optional disc brakes, and parts are easily swapped.
Four-wheel 9.5-inch drums were standard in both 1966 and 1967;
first-year options included power assist, aluminum front drums and
metallic linings. The often-selected power-ventilated 11.12-inch discs
with semi-metallic pads were a new option in 1967, greatly increasing
the GTO's available braking power. Replacement parts for both braking
systems are available from many major suppliers.
Two frames were available under closed GTO models-standard was an
open-rail design, while the optional heavy-duty boxed design was
borrowed from convertible models to create a hugely stiff and sturdy
platform. Rust can attack the metal in key spots, so be sure to check
the body mounting frame braces and the rear control arm/differential
mounting area. While cars with frame rust can be repaired, it's always
less expensive in the long run to simply choose a car without
corrosion, because the structure won't have been weakened or require
hefty reinforcements to bring it back to spec.
"GTOs were solidly built," says Scott Tiemann, restoration expert at
Supercar Specialties, Inc. "But their back window area is problematic
(with the buttress styling), as trapped water would find its way into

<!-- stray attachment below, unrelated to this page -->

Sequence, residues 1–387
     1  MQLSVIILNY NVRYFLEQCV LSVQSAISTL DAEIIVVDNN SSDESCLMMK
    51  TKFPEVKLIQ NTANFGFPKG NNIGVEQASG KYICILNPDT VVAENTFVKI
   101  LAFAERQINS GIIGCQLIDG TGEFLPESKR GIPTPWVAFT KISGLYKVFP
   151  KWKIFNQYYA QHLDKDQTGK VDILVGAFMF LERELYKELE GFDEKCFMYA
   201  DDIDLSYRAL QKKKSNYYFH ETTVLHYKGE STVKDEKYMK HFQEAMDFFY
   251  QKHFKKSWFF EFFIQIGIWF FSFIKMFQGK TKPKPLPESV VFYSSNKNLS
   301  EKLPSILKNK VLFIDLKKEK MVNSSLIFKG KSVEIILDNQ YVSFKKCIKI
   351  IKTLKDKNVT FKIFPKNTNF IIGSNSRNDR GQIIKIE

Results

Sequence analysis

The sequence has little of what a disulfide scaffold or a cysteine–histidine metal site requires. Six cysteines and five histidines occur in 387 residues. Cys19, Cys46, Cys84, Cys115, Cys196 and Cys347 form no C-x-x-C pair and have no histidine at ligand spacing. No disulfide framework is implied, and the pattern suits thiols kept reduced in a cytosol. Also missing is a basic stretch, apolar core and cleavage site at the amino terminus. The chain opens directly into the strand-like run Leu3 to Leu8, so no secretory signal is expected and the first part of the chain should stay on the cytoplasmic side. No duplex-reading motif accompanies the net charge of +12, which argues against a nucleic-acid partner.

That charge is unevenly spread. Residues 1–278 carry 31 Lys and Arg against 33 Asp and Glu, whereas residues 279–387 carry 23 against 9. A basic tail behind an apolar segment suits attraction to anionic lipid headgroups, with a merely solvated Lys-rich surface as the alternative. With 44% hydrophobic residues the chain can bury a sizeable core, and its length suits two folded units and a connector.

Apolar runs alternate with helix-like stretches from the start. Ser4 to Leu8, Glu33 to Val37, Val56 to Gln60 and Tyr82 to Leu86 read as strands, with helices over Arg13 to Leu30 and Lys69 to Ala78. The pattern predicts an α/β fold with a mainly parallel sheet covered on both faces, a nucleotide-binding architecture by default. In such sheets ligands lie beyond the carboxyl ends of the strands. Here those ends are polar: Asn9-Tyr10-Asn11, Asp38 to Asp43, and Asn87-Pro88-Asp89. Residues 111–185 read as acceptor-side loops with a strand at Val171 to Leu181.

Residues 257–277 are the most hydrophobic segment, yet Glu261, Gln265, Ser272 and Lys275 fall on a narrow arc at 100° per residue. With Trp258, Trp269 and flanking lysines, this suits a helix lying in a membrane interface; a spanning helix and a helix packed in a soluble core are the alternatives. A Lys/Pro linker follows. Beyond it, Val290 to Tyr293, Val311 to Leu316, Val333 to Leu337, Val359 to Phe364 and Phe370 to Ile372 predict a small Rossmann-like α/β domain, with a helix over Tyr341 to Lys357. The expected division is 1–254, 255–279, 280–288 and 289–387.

the trunk. Crawl inside the trunk and shine a flashlight up at the area
under the window to check for damage or improperly finished repairs."
Another rust-prone area is at the base of the windshield, where Scott
suggests repeating the flashlight trick and shining a light up under
the dashboard. A leak from this area might lead to rusty floorboards
under the footwell carpeting; poorly executed repairs can be a big
hassle to fix. Typical rust spots include the bottom of the front
fenders, sills and the trunk floor.
The space-age vinyl Morrokide upholstery that Pontiac fitted to all
GTOs is very durable, and 1966-67 seats and door panels differ only in
stitching. Sewn seams mark where the material is weakest, but seats
rarely split. Dashboards may crack due to years of temperature
extremes, but replacement caps or entire dashes are easily obtained,
and interior knobs and switches last for years. Nearly every interior
trim piece is inexpensive, and carpeting, floor mats and headliners are
shared with other A-body vehicles. Complete vinyl convertible tops are
also reasonably priced and readily available in many colors.
One reason why Pontiac's most famous muscle car is so popular to
restore is because nearly every part required is easy to locate and
afford. For owners looking to perform factory-correct restorations, the
vast number of NOS parts, OEM parts and reproduction parts out there
make GTOs an easy project. From sheetmetal (whole pieces or patch kits)
to chrome trim (inside and out) to minor fittings, everything has been
reproduced, sometimes with better quality than the originals. But not
all parts are made equally: Beware of cheap ones that will require a
lot of fitting to work, because what you save in money can easily be
negated by aggravation. For owners who are willing to modify their cars
for better performance, the vast quantity of various stock GM parts
that will bolt right onto the A-body means that a car can be built to